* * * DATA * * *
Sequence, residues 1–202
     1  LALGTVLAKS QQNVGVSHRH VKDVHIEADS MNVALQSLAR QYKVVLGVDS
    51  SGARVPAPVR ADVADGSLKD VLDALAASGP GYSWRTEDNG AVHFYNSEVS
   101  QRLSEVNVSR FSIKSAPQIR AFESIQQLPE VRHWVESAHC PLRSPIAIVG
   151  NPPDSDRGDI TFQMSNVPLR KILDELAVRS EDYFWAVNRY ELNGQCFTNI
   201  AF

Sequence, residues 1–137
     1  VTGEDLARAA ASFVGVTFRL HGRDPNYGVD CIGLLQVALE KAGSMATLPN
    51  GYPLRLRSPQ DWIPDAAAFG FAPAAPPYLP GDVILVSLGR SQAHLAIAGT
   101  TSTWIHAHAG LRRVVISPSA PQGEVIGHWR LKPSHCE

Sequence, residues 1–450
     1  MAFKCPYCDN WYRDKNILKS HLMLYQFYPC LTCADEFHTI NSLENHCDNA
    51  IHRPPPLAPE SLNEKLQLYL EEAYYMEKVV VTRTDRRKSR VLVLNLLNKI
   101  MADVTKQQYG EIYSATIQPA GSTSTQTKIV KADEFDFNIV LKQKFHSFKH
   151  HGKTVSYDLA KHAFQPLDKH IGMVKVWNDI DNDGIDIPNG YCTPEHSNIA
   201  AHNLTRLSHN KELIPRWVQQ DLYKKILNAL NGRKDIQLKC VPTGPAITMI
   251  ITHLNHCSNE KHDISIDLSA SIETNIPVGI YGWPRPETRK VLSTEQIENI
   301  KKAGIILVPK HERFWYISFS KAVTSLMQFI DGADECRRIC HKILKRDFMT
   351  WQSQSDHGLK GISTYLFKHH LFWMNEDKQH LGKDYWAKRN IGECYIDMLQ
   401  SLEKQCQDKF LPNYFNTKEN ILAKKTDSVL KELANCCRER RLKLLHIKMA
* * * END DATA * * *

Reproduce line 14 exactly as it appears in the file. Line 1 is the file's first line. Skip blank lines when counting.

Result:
   101  MADVTKQQYG EIYSATIQPA GSTSTQTKIV KADEFDFNIV LKQKFHSFKH